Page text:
Epik High garners respect as a Korean hip-hop group in part because of their innovative use of lyrics. Because many of their songs are in English, they provide an opportunity to appreciate the complexity of their rhymes and their skill manipulation of language.
While many critics focus on the social and political message of rap, Mtume ya Salaam reminds us that rap is an art, and when done well, “possesses at least one–and usually more than one–attribute such as sincerity, originality, honesty, or creativity” (303). We should not focus on critique to the exclusion of the artistry found in hip hop. Looking at the lyrics of a rap song is comparable to appreciating poetry. Both make use of “simile, metaphor, and alliteration as well as creative expression, originality, and conveyance of emotion” (305).
With that in mind, Epik High songs frequently use creative metaphors and innovative verbal phrases to describe the skill of rapping or critique the industry in which the group participates. Frequently, Epik High positions itself as cerebral rappers, targeting the minds as well as the feet of their audience. That stance marks them as unique in the K-hip hop world.
Follow the Flow (ft. Myk, D-tox)
“Follow the Flow” comes from the 2005 Epik High album, Swan Songs. The track reinforces the intellectual appeal of the track through references to the mental powers of the audience. Lyrics such as “I just did flipped your lid and gave your brain a kiss” demonstrate that the group targets the way people think and suggests they want to leave the audience pondering their words. Because of this kind of originality, they diverge from other groups: “We travel on into unknown don’t follow the roadsign/We just try to form the rhymes that read yo’ mind.”
Epik High frequently also includes plays on words in their lyrics. “Like an empty hospital/I’m out of patience” uses the word “patience” both in its literal meaning (lacking the capacity to remain calm when waiting) and its related meaning to patient (someone who needs medical treatment) within the context of a hospital. “I’m a prohibition MC – I speakeasy” uses the context from the 1920 and 1930s to underscore lyrical skill. In the United States, the prohibition era created speakeasys, or illegal clubs, so when the song references a “prohibition MC,” it taps into the rogue nature of the rhyme.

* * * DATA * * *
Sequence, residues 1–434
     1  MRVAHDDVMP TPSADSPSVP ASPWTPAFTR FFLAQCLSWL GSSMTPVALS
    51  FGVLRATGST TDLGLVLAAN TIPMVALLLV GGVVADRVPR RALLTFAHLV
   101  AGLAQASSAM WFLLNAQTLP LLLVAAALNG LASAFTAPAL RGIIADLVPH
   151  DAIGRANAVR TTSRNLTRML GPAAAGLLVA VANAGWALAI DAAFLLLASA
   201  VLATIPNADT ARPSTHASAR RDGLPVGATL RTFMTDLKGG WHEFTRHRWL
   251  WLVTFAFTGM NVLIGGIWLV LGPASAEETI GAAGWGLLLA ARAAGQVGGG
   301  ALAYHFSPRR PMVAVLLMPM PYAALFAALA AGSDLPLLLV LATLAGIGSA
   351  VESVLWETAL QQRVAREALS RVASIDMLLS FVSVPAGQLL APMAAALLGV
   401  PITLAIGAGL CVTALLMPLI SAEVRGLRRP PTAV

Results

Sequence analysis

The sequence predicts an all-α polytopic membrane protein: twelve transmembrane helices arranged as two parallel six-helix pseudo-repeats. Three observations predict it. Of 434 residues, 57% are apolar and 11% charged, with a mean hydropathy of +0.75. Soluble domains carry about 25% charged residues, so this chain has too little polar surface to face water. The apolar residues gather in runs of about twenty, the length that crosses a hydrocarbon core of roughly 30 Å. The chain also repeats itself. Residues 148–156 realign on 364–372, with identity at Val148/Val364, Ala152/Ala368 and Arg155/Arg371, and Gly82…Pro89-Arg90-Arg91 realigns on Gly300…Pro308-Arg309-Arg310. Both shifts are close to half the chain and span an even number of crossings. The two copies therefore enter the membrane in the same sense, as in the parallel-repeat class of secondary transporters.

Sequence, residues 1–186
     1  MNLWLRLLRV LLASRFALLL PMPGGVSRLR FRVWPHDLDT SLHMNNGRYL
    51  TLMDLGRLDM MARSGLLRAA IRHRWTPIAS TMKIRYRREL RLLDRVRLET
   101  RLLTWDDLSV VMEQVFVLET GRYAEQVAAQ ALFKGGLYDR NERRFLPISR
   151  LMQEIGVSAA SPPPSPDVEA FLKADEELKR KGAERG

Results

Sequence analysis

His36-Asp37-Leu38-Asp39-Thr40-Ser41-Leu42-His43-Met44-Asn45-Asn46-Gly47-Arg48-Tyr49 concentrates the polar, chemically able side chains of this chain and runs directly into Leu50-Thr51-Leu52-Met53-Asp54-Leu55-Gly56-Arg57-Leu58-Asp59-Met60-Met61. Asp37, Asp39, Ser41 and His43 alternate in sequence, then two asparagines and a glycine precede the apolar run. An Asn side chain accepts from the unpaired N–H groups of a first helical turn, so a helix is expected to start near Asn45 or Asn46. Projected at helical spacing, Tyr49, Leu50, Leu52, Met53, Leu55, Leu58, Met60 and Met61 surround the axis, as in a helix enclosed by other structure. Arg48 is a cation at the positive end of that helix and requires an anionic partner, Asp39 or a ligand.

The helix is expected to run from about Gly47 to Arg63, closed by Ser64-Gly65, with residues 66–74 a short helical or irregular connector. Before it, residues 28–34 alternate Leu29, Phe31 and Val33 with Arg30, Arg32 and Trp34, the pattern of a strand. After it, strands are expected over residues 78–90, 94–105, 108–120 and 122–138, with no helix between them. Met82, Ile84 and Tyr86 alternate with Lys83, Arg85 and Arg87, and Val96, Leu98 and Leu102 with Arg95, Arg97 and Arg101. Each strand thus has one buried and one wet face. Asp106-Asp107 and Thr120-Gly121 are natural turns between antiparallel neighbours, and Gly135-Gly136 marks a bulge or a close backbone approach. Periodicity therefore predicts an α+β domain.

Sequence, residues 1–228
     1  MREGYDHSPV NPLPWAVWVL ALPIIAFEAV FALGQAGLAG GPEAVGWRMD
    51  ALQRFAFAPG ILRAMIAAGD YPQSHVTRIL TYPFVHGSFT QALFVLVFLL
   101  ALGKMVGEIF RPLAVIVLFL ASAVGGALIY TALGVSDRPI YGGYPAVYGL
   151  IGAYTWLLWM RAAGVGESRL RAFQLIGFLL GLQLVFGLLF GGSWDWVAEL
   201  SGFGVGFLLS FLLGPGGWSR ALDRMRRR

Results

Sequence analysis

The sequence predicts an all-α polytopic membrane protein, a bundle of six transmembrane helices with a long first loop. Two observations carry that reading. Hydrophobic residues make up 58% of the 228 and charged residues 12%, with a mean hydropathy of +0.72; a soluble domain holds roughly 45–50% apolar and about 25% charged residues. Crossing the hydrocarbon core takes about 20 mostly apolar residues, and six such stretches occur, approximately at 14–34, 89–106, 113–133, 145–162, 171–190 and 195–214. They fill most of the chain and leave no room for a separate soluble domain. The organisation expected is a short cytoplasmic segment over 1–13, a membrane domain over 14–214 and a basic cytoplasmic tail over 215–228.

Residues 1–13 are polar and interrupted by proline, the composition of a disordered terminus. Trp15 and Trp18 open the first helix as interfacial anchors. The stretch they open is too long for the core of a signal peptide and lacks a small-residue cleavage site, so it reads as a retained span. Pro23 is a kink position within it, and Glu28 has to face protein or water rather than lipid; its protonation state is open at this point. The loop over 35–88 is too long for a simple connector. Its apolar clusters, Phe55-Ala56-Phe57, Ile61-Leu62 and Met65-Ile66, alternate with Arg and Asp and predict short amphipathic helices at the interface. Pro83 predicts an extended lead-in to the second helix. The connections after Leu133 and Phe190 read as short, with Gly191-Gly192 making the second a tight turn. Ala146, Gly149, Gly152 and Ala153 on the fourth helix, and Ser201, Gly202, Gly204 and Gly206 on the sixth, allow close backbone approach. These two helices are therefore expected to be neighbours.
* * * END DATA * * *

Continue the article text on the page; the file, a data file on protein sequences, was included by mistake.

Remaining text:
“Follow the Flow” also uses literary references to celebrate originality. The song draws from Irish literature to establish his skill as an MC:
Yes I am…the rap game’s voice
Every cat’s main choice, the rap James Joyce
It’s a piece of cake, gimmie a break,
I kill MCs, then speak at they Finnegan’s Wake
I’m much mo’ than a cheap CD
Any student forced to read the Irish writer James Joyce would understand the resonance of the reference. Joyce represents one of the most challenging writers in the English language. His novels, such as Ulysses, are complicated and dense, but also innovative, thus contributing to his reputation as a classic writer. The song uses this literary giant to underscore his own lyrical prowess in the song. The MC is rap’s James Joyce, which suggests that his raps are equally deep and complicated.
Free Music (ft. Myk)
While “Follow the Flow” celebrates the skill of the MC, “Free Music,” from the 2009 album Map the Soul, is a critique of an overall lack of originality in rap. In the first verse, MYK contrasts the mental work he puts into his rhymes (“I jog my mind around the writer’s block/Till it’s out of breath and asthmatic”) with the preoccupation with fame he notices in the industry:
I’ve had it with the paper chase, need I mention?
The rap game is all show and lyrical dissension
Pretension, obsession for physical possession
MYK faults the commercialism and quest for money as the primary motivator for some rappers. This has a negative impact on the creativity and artistry of their production. It is all show and no substance. Tablo’s verse focuses more on his skill:
Temporary relief so I’m makin’ it last
Takin’ it fast, lacin’ buds in raps, tracin’ raps with facts
Steppin’ up the game but not reppin’ for fame
Spittin’ truth up on the booth, then we settin’ it in flames
Here, Tablo focuses on his own skill. He is all business in the recording booth, seeking to be the best for his own sake, not to gain attention and make money. His rap is more substantial, filled with “facts” and “truth.”
In both of these tracks, Epik High seek to distinguish themselves thought their thought-provoking and creative lyrics.
“Epik High – Follow the Flow ft. MYK & D-Tox + Lyrics (HQ) (HD).” YouTube. 29 Jul 2011. Web. 1 Feb 2014.
“Epik High – Free Music (Tablo And MYK) (Ft. MYK).” YouTube. 29 Mar 2009. Web. 1 Feb 2014.
Salaam, Mtume ya. “The Aesthetics of Rap.” African American Review 29.2 (1995): 303-315.
“Steady Shaking the Ground”: Lyrical Skill in Epik High’s Music by Crystal S. Anderson is licensed under a Creative Commons Attribution-NonCommercial 4.0 International License.
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[…] my feels for Tablo and his muppet of a daughter Haru on Superman is Back. So coming across this dissection of the group’s lyrics on High Yello was a welcome reminder for me to make good on my vow. […]